An important point that is worth noting—it has been made by several Members—is the willingness to enter negotiations without preconditions. I do not understand how Sri Lanka can refuse that offer. It gives our Government every possible opening to put on as much pressure as they can, and to urge other Governments around the world—not least the Government of India, who should be playing a much more high-profile role in this matter—to put pressure on the Government of Sri Lanka.

Undoubtedly, if the evidence could be collected, we would see that war crimes are being committed. The Government of Sri Lanka have unambiguously and wilfully failed to meet their obligations. The Geneva convention states:

"In order to ensure respect for and protection of the civilian population and civilian objects, the Parties to the conflict shall at all times distinguish between the civilian population and combatants and between civilian objects and military objectives and accordingly shall direct their operations only against military objectives."

On any reading of the situation, we could not say that the Government of Sri Lanka are meeting those obligations, given their indiscriminate attacks and use of cluster bombs, multi-barrel rocket launchers and white phosphorous. Indeed, the Sri Lankan Government have publicly abrogated their duty to protect civilians. On 2 February, the Sri Lankan Ministry of Defence, Public Security, Law and Order stated:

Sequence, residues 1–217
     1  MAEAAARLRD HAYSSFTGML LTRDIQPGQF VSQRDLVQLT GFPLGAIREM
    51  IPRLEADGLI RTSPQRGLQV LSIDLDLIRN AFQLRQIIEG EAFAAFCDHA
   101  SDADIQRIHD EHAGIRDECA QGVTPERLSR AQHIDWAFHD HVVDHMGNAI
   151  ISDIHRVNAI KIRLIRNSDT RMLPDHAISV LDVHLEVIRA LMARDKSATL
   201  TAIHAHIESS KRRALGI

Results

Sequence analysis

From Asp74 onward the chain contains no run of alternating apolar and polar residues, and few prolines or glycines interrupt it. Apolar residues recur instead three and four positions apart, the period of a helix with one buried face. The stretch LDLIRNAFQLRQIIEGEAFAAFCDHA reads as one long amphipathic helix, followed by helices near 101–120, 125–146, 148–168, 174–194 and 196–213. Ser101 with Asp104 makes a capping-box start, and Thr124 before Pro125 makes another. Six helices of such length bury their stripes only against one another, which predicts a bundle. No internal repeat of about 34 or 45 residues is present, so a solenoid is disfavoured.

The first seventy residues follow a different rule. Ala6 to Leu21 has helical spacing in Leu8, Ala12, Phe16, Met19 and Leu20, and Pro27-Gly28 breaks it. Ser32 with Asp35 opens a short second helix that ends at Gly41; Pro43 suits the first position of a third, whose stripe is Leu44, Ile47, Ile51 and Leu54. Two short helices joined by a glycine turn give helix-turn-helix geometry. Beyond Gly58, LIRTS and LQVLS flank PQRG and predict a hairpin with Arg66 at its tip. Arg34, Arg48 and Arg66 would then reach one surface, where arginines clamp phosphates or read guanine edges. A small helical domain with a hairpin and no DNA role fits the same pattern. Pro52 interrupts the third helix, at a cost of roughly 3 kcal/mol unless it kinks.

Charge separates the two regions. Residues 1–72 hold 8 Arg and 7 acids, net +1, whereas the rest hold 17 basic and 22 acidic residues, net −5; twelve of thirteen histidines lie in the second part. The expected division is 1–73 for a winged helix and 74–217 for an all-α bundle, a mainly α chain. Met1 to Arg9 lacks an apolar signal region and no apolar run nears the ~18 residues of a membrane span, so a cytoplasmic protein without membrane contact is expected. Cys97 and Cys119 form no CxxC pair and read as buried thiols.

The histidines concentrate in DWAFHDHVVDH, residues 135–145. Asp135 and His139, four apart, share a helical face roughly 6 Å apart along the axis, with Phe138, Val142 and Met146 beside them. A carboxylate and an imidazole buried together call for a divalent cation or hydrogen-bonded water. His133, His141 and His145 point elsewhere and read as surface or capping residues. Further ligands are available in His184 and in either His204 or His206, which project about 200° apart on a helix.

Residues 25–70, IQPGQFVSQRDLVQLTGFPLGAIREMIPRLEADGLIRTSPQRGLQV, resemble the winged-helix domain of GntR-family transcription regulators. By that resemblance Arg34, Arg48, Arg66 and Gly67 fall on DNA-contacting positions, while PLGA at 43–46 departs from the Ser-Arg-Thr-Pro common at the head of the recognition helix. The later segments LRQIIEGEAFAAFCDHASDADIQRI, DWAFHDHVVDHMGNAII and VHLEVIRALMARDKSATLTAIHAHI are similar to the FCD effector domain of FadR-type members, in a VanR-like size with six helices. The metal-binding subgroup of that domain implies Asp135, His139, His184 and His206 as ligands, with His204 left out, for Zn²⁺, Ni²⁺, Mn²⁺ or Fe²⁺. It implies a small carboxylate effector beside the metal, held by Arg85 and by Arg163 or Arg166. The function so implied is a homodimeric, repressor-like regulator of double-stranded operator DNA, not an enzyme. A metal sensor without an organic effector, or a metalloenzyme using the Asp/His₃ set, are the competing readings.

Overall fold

"While the Security Forces accept all responsibility to ensure the safety and protection of civilians in the Safety Zones, they are unable to give such an assurance to those who remain outside these zones. Therefore, the government, with full responsibility, urges all civilians to come to the Safety Zones".

Of course, we have heard time and again in recent weeks of the bombing of safety zones and hospitals. Indeed, the last hospital has now been bombed and is no longer operating. We have had reports of casualties on the beaches, and feet blown off by land mines. Those aid agencies that are there and are able to operate have to choose between the most severely injured and the badly injured, and have to leave the badly injured lying on the beach. That cannot by any stretch of the imagination be considered humane treatment.

This is a humanitarian crisis and a violation of human rights. It is beyond our imagining, but we must try to put ourselves in that place, because no one is speaking up for those people. They have no voice, but, surely, giving them a voice is one of our first responsibilities.